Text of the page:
The Gnip data science team (myself, Dr. Josh Montague, Brian Lehman) has been thinking about firehose sampling in the last few weeks. We see research and hear stories based on analysis of a randomly sampled subset of the Twitter, Tumblr or other social data firehose. This whitepaper will look at the common trade off we see in sampling, which is that we want a data stream that represents the entire audience of a social platform, while controlling costs and limiting activities in order to match analysis capacity.
Both Gnip’s customers and the greater social data ecosystem frequently use sampling to assess patterns in social data. We created a whitepaper that provides a step-by-step methodology to calculate social activity rates, confidence in our rate estimates and the ability to identify signals of emerging topics or stories. We wanted to know what we could detect and with what certainty.
The sampling whitepaper, describes the tradeoffs between the three key variables in sampling social data: rate of activities (e.g. the number of blog posts or Tweets over time), confidence levels around our estimates of rate and meaningful changes those rates, i.e., signal. These three variables are interrelated and present a measurement challenge: With the choices or constraints imposed by two of these parameters, you then calculate the third.
While the whitepaper deals with the tradeoffs of activity, signal and confidence when designing a measurement, that is a little abstract. To make this more concrete, think of the trade-off problem as a way of addressing questions like those below. If you’ve asked any of these questions in your own work with social data, we think this whitepaper might help.
The activity rate has doubled from five counts to ten counts between two of my measurements. Is this a significant change, or is this expected variation e.g. due to low-frequency events?
I want to minimize the total number activities that I consume (for reasons of cost, storage, etc). How can I do this while still detecting a factor of two change in activity rate in one hour?
How long should I count activities to detect a change in rate of 5%?
How do I describe the trade-off between signal latency and rate uncertainty?
How do I define confidence levels on activity rate estimates for a time series with only twenty events per day?
I plan to bucket the data in order to estimate activity rate, how big (i.e. what duration) should the buckets be?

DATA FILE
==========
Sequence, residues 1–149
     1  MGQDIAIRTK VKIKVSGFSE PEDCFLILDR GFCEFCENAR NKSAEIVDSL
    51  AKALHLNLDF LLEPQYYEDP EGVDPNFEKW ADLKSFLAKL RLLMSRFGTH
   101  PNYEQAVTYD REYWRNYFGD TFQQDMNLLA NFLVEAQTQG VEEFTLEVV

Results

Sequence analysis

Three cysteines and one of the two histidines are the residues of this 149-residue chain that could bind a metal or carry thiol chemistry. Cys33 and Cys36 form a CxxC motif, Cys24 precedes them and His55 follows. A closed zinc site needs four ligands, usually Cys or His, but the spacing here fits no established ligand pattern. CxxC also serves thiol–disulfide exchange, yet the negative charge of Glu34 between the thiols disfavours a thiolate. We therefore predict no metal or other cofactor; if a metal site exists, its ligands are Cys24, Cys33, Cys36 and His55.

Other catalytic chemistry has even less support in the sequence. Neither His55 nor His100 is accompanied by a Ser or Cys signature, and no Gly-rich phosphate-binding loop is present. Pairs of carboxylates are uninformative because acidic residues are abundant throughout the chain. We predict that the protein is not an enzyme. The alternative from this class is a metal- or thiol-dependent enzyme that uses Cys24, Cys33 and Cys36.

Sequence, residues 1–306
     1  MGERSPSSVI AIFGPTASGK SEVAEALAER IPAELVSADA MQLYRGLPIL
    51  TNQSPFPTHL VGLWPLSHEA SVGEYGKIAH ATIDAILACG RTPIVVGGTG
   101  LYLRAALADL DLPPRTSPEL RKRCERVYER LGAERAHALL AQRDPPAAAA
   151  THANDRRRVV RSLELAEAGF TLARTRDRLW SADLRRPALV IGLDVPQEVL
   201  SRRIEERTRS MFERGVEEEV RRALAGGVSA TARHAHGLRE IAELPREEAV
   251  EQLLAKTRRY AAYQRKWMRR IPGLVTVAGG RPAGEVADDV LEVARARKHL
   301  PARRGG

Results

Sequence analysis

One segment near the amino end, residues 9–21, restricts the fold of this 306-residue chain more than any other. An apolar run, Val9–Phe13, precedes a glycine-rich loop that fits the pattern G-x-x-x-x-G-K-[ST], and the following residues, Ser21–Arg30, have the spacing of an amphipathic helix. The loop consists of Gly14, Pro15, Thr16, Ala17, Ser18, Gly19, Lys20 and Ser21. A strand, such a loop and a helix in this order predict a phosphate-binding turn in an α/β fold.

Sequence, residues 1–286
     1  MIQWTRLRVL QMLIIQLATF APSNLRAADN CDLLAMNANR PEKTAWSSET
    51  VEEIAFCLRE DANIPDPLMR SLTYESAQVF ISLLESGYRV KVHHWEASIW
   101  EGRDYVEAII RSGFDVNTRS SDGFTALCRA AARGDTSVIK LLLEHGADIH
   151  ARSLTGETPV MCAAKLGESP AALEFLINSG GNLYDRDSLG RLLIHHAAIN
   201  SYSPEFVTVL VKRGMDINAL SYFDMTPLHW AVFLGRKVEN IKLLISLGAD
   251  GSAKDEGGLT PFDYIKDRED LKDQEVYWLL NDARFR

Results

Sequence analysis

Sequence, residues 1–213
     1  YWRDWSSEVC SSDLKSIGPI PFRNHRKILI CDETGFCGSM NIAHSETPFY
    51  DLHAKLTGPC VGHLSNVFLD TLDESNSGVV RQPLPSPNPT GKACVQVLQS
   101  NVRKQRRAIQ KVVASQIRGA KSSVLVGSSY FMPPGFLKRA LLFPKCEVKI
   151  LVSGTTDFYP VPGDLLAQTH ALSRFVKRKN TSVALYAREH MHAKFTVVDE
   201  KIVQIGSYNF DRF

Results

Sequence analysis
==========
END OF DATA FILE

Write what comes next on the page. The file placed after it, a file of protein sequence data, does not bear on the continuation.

How many activities should I target to collect in each bucket in order to be have a 95% confidence that my activity rate estimate is accurate for each bucket?
Our summer data science intern, Jinsub Hong, and data scientist, Brian Lehman created an animation to help visualize the relationship between confidence interval size, time of observation (or, alternatively, the number of activities observed), and the signal we can detect in a firehose of social data.
The animation below shows confidence intervals for different bin sizes. As the bin size increases, we count more events, so the rate estimate becomes increasingly certain. However, we have to wait longer to get the result (latency).
At what bin size can we be confident that the activity rate has changed significantly? For short buckets of only a minute or two, the variation in the measured rate is large, comparable to the potential signal. For longer buckets, the signal becomes more distinct, but the time we have to wait in order to make this conclusion goes up accordingly.
The first and last frame show representative potential signals. In the first frame, this potential signal is about the same size as the variability of the activity rate, so we can’t conclusively say the activity rate has changed. With the larger bin size in the final frame, the signal is much larger than the activity rate uncertainty. We can be confident this represents a real change in the activity rate.
For full details, you can download the paper at https://github.com/DrSkippy27/Gnip-Realtime-Social-Data-Sampling! If you have questions about the whitepaper, please leave a comment below.